Mifan Mommy Club Update Feb 2010

Written by Kay on . Posted in How You Can Help A Child, Mifan Mommy Updates

Thank you to all who are a part of the Mifan Mommy Club. Your monthly donation of $9 is helping children and disadvantaged adults in several areas of China. I’ve attached some pictures from the Anhui Children’s home (check out the kitchen that feeds a LOT of children and adults!) as well as a short note from our volunteer, Julie, cut from her monthly report.

From Julie:
We are soon all heading towards the dining room where we hear music and as I strain to see over the top of heads I see two of the girls who are about 10 or 11 dancing with the Red Cross support group. As the music stops, Katja and I are grabbed and persuaded to sing for the children: we do our rendition of ‘heads, shoulders, knees and toes’ along with the actions and then we join the support group and everyone else with the Chinese Happy New Year to You. It was wonderful, not a dry eye in the house, this is proving to be a very emotional day. No sooner had the music stopped and every one of the children are lining up for lunch. This is a very special lunch and one we can thank you our supporters for, as we, with your help have donated money for this special meal, which we all shared together as one very big happy family. After lunch it was time for MiFan MaMa to give red envelopes to the Mummies and Daddies on your behalf, what better way to let them know we really appreciate all they do on a daily basis for these children.

During all this time there wasn’t much time for game playing or painting with the children but the people from our bus were busy visiting those children that cannot get out of bed, those who stare at four walls and a ceiling all day and never complain. Thanks to King Koil these children are comfy in the mattresses they have especially made for them.

We then had a time of exploring and getting to know the children and where they live; a very precious time. These children have come to accept us as their family as have their Mummies and Daddies. Communication is always a small problem, just a feeling of small frustration on our part but love soon shows us there are no barriers – everyone wants a hug and very soon get it.

Everlasting friendships are forged, just as all from our bus will not forget these wonderful children; the children will never forget them and their love and kindness.

We all pose for photos – everyone wants to capture this very special moment.

The volunteer from the Red Cross tells Katja and myself about a family who are all very severely ill. We agree to supply food for this family as they have no money and their plight has already been shown on Chinese TV. (Roy has already investigated this, so we know there is a real need). We give the Red Cross Volunteer enough money to buy this family rice, flour and oil for 6 months. In addition we are able to give them a bag of rice, flour and a bottle of oil from Lao Wang’s supply. The man from the Red Cross asks that we deliver these items personally on the way home: he assures us it is on our way. So we agree and he joins us on our bus with 3 volunteers for our return journey.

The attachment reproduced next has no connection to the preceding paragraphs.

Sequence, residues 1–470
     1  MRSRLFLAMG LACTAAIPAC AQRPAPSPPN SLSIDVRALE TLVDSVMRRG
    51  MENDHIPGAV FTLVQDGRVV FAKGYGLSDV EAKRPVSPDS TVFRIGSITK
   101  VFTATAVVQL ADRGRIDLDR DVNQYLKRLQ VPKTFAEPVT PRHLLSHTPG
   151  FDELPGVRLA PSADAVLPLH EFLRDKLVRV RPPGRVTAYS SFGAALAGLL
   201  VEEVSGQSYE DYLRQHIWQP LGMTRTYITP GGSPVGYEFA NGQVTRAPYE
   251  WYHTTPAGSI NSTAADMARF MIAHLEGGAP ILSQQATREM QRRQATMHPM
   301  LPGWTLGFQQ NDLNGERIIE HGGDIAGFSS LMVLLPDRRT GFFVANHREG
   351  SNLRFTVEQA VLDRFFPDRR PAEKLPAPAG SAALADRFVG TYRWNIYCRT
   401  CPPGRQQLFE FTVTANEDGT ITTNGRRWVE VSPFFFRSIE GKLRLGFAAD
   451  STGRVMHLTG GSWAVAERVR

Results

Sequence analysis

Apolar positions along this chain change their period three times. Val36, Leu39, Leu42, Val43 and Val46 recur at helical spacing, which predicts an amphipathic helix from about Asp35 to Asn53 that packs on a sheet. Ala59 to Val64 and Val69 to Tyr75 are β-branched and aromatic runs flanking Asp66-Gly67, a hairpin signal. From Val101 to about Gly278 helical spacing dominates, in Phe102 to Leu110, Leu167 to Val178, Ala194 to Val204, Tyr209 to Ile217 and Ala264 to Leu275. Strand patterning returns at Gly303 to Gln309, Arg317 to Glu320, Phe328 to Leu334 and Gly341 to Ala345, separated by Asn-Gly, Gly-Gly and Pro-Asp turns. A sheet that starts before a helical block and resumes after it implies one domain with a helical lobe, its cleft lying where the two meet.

All too soon it is time to say goodbye to everyone and lots of tears are shed on both sides. Although we will be back in one month and these children and everyone here has a place in our hearts it is still so sad. One of the Mummies is hugging me crying and thanking us for all we do. I tell her it is us who thank them as they are the ones who look after these children 24 hours a day, everyday. They are the one who teach these children love and caring by their example, how lucky these children are for although their possessions are few their hearts are bursting with LOVE and CARING and SHARING. We have the privilege to have been a part of this, to have experienced this, even if only for a short time.

Then we get on the bus some passengers are leaning out of the window sharing a last handshake with these wonderful people. Soon we are driving down the road, we wave, and they wave, and soon are just dots in the distance. The bus is silent: we have all had different experiences on this visit, each of us has our own treasured memories to take away until we visit the next time.

We now have the Red Cross volunteer and his helpers on the bus, but on further investigation we find it will take us an extra 5 hours to make this visit to this family. Unfortunately this is not possible, as lots of people on the bus must get to work the next day and even now we will not arrive home until 12.00 midnight. We agree to sort the Red Cross team out another car and further down the highway we stop and there is another car waiting, we all exchange hugs and greetings for this family, and then we part.

Trackback from your site.

Leave a comment